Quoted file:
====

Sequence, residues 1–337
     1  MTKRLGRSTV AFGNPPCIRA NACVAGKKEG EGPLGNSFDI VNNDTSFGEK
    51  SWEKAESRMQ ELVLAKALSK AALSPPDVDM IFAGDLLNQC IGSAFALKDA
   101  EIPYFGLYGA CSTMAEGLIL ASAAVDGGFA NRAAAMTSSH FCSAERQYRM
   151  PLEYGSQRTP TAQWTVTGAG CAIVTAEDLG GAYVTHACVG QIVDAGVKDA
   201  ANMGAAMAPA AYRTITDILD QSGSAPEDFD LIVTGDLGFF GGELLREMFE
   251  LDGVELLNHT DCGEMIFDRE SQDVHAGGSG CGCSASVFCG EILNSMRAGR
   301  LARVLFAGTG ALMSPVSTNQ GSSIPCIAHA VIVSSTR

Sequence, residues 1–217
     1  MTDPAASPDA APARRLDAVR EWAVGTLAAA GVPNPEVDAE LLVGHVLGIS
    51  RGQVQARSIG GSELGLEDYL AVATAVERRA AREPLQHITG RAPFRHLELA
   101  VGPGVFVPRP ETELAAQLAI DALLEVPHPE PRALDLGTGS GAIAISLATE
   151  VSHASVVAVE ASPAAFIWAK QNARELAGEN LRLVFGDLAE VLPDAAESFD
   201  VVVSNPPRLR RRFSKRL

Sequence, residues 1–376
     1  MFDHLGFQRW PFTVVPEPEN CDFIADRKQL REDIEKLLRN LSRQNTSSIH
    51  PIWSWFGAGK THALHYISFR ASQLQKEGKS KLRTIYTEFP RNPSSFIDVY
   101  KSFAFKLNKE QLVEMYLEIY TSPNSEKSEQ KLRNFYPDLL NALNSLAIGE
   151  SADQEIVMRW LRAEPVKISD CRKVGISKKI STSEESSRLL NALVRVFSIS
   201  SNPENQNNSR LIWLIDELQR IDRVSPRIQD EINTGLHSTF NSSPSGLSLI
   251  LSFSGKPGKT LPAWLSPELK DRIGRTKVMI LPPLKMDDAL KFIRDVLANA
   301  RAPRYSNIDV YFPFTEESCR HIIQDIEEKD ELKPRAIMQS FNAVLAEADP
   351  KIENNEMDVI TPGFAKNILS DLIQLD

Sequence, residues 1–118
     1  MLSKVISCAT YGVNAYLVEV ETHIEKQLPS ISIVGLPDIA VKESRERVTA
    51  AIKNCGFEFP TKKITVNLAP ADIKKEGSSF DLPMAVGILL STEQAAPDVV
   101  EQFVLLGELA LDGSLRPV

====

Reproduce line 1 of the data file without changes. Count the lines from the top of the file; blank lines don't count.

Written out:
Sequence, residues 1–337